I spent quite a bit of time today thinking about how emotions can have an effect on not just the things we make, but the items we use to make them. When your angry, people think of the saying “seeing red”, your hot tempered, saucy and can be vivid and colorful. I think of extremes when it comes to angry cooking. Stress can force my hand sometimes when I’m under too much pressure in the kitchen, and that’s when I start to make mistakes. I’m bitter at my mistakes, yet I keep on making them, my temper flaring and a new curse flying out of my mouth with each minor failure. I sat and thought about this feeling offrustrationand a recipe started coming to me.
I love to use heat in cooking. It’s something that provides amplified flavor, and distinct response in everyone, by way of sweat and scovile. My father is Italian, and nothing bring me back to my sense of angry childhood like stuffed hot peppers. Only I think of temper tantrums as a boy as fresh habeneros, small diced and mixed finely in a blend of sweet chevre and mascarpone; my representation of the calming period before flare-ups. The mixture of toasted pinenut and breadcrumbs that lay atop each pepper, gives thesemblanceof a warm home. Which brings me to my next feeling of warmth and tranquility.
Growing up, my favorite time was spent outdoors enjoying the brisk weather of fall and the great smells of my house every weekend. My mother used to make all kinds of rustic dishes in the fall from the classic American pot roast with root vegetables, to the homestyle French dish of Ratitouille. When the weather would get really cold she would call my friends and I in from playing football, to the smell of chili cooking on the stovetop. Her chili would always be thick and meaty, filled with all types of pork, beef, and chicken, not to mention a great variety of beans and hot chilis. No matter how long we had been playing or how cold we felt, nothing warmed you like a bowl of this chili.
Bring It Back
Its really amazing how some foods bring you back to points in time, or can inspire you to make beautiful creations. I really felt moved by the urge to sit down and think about what made someone a great artist of the craft. Those chef’s really pour their hearts and souls into their food, letting everything ride on the consumer’s enjoyment of how they feel into a few small bites. I want to be like that, creative and inventive. All it takes its a few memories. Maybe a couple emotional ones.
Browse Culinary Arts Schools & Colleges
- Alumni have appeared in reality competition shows such as Top Chef and Project Runway.
- Has a team of about 4,000 faculty members focused on helping students tap opportunities in a marketplace driven by ideas.
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- Hands-on culinary education with focused attention on each student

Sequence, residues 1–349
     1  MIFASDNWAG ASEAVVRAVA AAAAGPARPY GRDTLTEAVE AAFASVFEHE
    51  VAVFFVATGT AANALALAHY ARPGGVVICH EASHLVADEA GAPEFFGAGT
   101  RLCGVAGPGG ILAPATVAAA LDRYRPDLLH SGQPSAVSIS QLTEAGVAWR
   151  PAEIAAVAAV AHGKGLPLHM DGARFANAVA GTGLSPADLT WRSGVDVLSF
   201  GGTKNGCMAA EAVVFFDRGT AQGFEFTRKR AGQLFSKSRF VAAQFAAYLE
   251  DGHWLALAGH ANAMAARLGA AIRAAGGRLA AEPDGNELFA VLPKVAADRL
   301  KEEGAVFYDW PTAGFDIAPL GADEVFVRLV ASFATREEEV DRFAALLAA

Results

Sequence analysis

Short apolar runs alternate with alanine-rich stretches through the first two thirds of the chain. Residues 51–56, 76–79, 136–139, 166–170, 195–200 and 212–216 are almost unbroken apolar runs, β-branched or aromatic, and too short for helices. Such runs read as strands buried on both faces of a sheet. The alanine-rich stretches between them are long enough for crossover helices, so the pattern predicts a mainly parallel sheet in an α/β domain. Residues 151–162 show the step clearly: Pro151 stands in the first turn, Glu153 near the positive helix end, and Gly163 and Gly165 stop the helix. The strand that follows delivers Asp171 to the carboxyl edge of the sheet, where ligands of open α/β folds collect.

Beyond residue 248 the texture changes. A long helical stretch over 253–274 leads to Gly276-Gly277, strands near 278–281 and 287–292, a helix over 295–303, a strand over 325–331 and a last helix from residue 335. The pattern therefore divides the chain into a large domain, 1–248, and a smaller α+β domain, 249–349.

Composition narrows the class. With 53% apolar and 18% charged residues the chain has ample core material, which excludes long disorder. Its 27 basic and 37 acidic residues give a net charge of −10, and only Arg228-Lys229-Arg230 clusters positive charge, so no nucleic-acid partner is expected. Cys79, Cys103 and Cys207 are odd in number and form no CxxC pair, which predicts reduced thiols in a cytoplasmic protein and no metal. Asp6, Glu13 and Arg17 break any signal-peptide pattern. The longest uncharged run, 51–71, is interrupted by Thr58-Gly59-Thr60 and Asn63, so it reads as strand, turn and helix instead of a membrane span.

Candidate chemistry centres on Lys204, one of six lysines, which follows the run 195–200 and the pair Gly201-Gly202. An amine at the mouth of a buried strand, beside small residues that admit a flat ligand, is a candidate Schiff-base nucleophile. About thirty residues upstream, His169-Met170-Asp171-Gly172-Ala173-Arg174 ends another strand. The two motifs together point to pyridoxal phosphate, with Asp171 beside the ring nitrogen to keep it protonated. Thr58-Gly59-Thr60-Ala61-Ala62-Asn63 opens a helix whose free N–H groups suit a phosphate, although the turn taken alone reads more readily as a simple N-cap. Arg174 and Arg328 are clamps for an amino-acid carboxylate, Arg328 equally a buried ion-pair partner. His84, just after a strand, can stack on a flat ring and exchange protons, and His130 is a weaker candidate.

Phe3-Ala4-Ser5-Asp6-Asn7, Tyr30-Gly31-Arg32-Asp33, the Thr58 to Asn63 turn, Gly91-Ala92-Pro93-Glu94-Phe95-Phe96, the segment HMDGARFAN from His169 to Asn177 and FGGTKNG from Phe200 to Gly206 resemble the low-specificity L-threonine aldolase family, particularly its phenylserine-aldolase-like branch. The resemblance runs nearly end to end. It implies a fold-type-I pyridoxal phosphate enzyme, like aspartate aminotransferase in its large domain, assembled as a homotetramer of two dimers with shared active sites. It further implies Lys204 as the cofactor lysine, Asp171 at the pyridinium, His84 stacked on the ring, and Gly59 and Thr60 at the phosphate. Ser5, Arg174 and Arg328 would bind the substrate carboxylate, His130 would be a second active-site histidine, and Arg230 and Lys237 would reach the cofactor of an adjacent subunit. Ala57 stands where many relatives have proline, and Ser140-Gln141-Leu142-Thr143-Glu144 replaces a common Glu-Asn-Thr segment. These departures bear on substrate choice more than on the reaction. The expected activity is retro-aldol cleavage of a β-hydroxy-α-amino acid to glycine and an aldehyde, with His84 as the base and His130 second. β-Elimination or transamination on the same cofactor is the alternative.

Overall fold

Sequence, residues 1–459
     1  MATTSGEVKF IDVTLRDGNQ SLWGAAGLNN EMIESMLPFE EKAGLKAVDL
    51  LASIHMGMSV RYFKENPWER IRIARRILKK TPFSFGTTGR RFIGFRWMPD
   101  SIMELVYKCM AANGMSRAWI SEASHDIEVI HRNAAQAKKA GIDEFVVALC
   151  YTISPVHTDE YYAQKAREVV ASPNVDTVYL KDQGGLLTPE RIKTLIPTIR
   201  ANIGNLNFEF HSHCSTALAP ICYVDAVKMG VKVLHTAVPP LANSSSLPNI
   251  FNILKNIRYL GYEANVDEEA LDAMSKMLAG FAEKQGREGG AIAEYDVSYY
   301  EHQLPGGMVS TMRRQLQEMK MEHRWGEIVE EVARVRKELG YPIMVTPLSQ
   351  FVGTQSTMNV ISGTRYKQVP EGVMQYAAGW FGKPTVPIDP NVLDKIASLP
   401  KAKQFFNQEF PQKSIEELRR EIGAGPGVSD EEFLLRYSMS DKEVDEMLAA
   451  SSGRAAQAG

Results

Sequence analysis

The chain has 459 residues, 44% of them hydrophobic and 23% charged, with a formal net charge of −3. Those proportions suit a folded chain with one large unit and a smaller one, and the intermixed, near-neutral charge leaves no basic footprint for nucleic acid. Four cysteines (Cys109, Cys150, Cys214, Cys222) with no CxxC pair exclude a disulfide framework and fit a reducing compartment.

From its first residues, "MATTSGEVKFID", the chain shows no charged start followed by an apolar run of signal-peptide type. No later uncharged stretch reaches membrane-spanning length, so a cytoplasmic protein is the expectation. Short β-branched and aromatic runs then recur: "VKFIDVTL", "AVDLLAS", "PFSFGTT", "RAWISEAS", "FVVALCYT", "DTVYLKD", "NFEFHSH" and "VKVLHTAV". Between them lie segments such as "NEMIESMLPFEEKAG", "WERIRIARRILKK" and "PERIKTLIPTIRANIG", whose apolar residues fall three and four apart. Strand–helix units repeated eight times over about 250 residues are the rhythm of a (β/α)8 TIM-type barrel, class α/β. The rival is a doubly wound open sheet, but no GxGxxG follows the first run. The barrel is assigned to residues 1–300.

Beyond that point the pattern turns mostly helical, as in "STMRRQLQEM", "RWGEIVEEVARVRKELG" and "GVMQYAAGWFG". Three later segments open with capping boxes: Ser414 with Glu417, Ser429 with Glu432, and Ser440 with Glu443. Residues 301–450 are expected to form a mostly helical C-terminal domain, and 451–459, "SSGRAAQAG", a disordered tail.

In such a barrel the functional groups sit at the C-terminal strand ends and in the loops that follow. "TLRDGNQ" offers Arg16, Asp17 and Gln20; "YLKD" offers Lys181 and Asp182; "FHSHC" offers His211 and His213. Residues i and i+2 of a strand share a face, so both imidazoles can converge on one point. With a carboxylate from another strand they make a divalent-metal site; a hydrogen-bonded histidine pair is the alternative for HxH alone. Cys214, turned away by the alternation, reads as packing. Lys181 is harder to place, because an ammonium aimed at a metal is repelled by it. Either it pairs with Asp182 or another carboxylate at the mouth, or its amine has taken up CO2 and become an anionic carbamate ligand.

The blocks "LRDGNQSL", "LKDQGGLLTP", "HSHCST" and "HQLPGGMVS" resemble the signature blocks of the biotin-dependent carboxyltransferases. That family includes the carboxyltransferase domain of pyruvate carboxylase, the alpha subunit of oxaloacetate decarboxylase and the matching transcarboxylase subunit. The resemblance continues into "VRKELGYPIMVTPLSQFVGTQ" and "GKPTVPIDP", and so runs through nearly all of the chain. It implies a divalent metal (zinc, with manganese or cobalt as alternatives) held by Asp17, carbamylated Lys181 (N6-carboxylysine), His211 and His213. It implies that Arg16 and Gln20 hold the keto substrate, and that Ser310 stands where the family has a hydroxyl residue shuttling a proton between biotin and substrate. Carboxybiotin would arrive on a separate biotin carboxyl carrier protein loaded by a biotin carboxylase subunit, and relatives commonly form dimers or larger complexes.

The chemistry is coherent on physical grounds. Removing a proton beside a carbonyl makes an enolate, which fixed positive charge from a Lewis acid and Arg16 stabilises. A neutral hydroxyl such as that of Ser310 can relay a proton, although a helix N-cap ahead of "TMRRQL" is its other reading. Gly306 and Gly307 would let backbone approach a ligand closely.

- An ACCSC School of Excellence with multiple “Best Vocational Cooking School” awards*
- 15,000 graduates, including celebrities like Bobby Flay, David Chang, and Christina Tosi*
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- Received the 2015 and 2013 “Cooking School of the Year” Award of Excellence from the International Association of Culinary Professionals (IACP).
- Accredited by the Accrediting Commission of Career Schools and Colleges (ACCSC).
- Externship opportunities are available at numerous famous New York City restaurants.
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- Flexible Scheduling
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- Students get real-world experience through the required externship at the end of the program.
- Curriculum includes laboratory sessions, academic preparation and hands-on experience.
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- Accredited by the American Culinary Federation (ACF).
- Has campuses in Melbourne, Sarasota, and Tallahassee, Florida
- Ranked among the Best Colleges in the South in 2015 by U.S. News and World Report.
- Ranked the 13th Best College for Veterans in 2015 by U.S. News and World Report.
- A private institution founded in 1977 with a current total undergraduate enrollment of over 15,00.
- Its student-faculty ratio is 12:1, and 89.3% of classes have fewer than 20 students.
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Lackawanna College is the premier, private, accredited two-year college serving the people of northeastern Pennsylvania. With a focus on keeping higher education affordable and accessible to our immediate community, Lackawanna draws 80 percent of its student population right from our own region.
With a main campus situated in downtown Scranton, Lackawanna’s expanding footprint also includes satellite centers in Hawley, Hazleton, New Milford, and Towanda.